Wednesday, 15 April 2015

Moore’s Law at 50

Here's a figure showing the trends of semiconductor output and price over time. Notice that both axes are measured as logarithmic scales: that is, they rise by powers of 10. The price of a transistor was more than a dollar back in the 1950s, and now it's a billionth of a penny.
Here’s a figure showing the trends of semiconductor output and price over time. Notice that both axes are measured as logarithmic scales: that is, they rise by powers of 10. The price of a transistor was more than a dollar back in the 1950s, and now it’s a billionth of a penny.
  • Moore’s Law at 50 – the driving force behind information and communications technology has been Moore’s law, which can understood as the proposition that the number of components packed on to a computer chip would double every two years, implying a sharp fall in the costs and rise in the capabilities of information technology. But the capability of making transistors ever-smaller, at least with current technology, is beginning to run into physical limits. IEEE Spectrum has published a “Special Report: 50 Years of Moore’s Law,” with a selection of a dozen short articles looking back at Moore’s original formulation of the law, how it has developed over time, and prospects for the law continuing.
  • An economic future that may never brighten – Martin Wolf on how the decline in potential growth leads to debate about the savings glut and secular stagnation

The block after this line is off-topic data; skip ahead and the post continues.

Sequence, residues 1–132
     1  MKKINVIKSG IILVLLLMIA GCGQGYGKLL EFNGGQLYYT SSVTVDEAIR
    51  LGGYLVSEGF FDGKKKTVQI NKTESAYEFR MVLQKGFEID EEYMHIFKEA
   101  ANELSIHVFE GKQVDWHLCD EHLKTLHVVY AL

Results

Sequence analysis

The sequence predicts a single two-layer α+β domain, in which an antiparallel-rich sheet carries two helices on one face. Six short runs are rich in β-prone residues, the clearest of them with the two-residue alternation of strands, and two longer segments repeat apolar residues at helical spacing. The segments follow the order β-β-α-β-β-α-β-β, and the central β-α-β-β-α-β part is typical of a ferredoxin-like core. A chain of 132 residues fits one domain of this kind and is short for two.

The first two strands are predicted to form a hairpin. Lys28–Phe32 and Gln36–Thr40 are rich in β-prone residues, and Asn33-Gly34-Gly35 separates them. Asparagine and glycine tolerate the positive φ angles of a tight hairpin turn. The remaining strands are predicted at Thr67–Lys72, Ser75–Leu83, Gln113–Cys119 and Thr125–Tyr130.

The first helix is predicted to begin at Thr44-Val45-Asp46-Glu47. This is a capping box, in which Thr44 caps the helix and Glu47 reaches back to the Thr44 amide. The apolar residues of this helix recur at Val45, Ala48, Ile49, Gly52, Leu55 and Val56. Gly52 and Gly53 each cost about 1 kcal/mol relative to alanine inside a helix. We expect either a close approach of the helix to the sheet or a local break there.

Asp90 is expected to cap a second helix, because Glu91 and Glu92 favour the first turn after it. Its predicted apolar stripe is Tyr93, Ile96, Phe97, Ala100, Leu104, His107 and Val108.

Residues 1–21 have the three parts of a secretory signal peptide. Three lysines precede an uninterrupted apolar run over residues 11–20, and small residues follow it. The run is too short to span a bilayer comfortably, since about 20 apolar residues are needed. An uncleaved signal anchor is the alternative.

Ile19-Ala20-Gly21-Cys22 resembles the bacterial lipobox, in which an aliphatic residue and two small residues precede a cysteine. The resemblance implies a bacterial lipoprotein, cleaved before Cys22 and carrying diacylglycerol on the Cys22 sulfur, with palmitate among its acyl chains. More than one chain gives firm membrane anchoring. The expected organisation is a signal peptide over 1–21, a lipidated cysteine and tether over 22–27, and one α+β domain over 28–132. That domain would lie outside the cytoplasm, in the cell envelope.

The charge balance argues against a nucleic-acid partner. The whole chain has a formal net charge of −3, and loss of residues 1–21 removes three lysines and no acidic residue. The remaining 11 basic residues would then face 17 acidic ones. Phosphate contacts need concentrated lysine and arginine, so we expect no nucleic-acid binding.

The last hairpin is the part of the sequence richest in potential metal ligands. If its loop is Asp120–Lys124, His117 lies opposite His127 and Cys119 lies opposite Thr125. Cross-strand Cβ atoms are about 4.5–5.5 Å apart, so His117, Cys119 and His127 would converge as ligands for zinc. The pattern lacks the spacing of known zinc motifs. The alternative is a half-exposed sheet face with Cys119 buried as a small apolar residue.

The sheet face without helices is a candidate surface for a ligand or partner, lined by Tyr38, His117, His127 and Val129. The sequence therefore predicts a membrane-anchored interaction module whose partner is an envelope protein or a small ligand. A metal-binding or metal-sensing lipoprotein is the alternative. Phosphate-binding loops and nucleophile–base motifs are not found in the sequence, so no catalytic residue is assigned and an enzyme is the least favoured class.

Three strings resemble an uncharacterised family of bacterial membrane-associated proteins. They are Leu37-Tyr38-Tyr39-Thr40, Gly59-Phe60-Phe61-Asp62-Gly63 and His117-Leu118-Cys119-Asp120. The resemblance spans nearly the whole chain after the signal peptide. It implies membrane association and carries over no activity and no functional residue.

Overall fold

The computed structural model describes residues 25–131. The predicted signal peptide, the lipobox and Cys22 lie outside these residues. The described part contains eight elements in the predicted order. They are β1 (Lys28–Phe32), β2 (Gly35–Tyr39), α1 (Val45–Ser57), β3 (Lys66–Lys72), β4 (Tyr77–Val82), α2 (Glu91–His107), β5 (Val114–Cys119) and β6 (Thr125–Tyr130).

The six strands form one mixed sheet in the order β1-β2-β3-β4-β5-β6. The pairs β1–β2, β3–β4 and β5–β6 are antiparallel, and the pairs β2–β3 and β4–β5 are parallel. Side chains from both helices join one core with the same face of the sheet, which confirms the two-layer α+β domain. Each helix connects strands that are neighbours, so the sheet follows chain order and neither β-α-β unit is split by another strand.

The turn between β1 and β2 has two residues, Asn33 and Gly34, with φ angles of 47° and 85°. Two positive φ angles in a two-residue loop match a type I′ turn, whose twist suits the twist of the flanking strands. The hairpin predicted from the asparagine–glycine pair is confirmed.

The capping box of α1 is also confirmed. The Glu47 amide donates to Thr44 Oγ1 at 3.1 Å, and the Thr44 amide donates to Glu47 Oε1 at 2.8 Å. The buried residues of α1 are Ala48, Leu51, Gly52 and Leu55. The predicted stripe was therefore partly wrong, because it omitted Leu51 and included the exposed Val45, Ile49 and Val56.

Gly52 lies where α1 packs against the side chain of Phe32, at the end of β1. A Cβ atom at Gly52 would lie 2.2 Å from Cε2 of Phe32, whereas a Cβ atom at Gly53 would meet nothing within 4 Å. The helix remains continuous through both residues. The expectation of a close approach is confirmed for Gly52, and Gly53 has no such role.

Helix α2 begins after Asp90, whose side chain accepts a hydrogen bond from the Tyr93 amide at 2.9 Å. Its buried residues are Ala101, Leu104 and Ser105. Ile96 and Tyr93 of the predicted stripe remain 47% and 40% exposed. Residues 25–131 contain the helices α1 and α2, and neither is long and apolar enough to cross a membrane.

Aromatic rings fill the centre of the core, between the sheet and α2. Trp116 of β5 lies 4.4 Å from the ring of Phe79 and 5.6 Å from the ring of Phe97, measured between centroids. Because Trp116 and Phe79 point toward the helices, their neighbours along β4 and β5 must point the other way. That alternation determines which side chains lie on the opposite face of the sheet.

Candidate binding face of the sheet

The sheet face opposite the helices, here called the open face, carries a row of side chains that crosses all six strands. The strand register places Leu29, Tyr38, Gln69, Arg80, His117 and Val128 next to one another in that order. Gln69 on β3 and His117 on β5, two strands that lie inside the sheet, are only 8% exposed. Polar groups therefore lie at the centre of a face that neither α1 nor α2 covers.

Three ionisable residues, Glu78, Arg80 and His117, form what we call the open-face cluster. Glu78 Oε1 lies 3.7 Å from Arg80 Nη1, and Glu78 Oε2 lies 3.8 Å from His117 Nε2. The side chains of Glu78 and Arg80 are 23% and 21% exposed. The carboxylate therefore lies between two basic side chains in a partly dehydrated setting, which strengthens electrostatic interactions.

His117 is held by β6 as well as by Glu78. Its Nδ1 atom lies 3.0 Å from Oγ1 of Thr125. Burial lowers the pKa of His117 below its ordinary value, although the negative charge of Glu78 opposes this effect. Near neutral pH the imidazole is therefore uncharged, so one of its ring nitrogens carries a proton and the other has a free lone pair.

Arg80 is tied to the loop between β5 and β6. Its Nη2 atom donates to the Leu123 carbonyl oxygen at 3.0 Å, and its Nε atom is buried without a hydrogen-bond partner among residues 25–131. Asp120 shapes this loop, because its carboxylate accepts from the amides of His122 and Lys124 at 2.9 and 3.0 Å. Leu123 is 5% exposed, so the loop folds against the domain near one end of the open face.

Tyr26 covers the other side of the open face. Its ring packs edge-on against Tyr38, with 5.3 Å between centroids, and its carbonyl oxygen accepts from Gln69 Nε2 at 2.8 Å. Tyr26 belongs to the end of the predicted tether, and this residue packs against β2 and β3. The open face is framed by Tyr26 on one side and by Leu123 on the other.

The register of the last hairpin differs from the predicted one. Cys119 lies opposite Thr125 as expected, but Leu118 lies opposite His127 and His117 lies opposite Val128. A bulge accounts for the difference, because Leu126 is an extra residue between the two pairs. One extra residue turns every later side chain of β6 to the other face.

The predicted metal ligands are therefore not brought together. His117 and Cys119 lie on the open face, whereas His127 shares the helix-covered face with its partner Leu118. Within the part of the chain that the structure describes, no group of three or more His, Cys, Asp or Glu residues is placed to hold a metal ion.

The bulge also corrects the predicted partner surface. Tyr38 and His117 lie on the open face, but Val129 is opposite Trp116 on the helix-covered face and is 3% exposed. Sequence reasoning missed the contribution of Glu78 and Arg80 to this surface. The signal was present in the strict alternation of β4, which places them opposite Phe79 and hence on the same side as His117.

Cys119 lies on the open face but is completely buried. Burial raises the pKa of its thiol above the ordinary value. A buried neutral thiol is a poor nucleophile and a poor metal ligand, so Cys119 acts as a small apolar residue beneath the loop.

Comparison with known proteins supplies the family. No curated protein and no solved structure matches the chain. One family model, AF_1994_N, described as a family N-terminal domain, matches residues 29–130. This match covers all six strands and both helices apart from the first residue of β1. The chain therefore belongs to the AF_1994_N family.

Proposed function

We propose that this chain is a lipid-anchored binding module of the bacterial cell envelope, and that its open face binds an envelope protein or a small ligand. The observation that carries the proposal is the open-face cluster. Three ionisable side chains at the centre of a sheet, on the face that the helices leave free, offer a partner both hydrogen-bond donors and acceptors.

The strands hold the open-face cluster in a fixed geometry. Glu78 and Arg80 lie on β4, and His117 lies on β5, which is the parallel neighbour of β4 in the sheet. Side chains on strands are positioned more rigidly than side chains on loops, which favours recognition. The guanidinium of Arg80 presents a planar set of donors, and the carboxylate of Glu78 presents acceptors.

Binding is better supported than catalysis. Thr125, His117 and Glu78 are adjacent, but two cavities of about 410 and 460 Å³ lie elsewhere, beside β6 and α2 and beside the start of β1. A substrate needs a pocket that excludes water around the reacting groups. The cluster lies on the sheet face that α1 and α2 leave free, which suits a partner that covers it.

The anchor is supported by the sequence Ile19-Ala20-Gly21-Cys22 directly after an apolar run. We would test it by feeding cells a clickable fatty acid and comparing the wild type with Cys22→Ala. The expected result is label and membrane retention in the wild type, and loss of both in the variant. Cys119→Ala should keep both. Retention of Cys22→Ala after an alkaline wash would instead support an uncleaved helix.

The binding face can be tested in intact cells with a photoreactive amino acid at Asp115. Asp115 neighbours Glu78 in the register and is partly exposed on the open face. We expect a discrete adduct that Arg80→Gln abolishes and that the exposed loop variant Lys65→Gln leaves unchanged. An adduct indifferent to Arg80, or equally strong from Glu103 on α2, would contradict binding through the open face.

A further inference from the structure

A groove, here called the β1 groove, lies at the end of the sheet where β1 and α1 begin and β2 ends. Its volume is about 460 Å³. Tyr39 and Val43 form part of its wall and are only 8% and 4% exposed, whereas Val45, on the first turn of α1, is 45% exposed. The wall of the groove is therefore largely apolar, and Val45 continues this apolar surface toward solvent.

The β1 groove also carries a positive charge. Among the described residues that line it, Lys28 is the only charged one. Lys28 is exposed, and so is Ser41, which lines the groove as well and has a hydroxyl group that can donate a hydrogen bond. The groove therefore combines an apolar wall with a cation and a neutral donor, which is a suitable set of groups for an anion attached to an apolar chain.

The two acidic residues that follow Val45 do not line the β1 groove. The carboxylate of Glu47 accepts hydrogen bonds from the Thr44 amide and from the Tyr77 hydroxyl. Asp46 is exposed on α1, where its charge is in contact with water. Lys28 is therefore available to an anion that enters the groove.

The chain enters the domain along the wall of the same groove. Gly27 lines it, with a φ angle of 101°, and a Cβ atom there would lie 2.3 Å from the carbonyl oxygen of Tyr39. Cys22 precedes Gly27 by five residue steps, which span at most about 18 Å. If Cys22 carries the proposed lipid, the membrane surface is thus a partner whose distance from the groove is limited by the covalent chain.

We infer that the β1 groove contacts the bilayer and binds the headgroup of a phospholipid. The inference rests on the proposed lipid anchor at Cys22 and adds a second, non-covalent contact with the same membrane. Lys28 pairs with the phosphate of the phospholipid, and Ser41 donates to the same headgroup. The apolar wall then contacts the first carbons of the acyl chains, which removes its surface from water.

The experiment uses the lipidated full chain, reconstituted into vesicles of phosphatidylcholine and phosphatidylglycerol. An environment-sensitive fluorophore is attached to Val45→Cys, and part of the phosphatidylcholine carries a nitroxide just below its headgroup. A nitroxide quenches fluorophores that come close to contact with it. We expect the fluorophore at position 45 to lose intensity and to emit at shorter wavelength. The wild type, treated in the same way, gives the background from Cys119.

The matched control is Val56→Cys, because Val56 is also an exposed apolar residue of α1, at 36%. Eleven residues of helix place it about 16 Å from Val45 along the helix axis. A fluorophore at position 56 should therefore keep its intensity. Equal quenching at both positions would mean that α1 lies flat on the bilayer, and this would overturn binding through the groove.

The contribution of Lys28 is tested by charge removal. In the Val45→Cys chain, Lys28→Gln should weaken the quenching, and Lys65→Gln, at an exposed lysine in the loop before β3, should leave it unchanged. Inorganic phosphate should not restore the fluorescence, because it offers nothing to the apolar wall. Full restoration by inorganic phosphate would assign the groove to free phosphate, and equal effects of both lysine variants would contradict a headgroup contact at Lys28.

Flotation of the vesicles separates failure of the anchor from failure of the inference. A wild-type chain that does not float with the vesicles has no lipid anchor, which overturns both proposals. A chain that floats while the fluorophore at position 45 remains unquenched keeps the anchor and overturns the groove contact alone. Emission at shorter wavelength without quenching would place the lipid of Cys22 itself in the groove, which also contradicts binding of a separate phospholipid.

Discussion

break your routine
  • Is Your Job ‘Routine’? If So, It’s Probably Disappearing – The American labor market and middle class was once built on the routine job–workers showed up at factories and offices, took their places on the assembly line or the paper-pushing chain, did the same task over and over, and then went home. New research from Henry Siu at the University of British Columbia and Nir Jaimovich from Duke University shows just how much the world of routine work has collapsed. The economists released a paper today, published by the centrist Democratic think tank Third Way, showing that over the course of the last two recessions and recoveries, a period beginning in 2001, the economy’s job growth has come entirely from nonroutine work.
  • The Cost of Trout Fishing – If we continue to ignore the impact of hatchery fish on aquatic ecosystems, we will soon regret what has been lost.
  • Can the Greens keep the bastards honest? – The Greens have continually defied predictions they will go the way of the Australian Democrats, but they do face some challenges to the slow gains they’ve made over the decades, writes Mike Steketee.
game of thrones
  • ‘Game of Thrones’ Ratings: HBO Show Returns With Series High – Once considered something of a niche show, “Thrones” is now delivering numbers topped on cable only by AMC’s “The Walking Dead.” Nielsen estimates than an average audience of about 8 million watched the initial telecast of “Game of Thrones” on Sunday — up 1.16 million viewers (or 17%) from its year-ago debut of 6.84 million. It’s also about 800,000 more than any other episode of the show to date.
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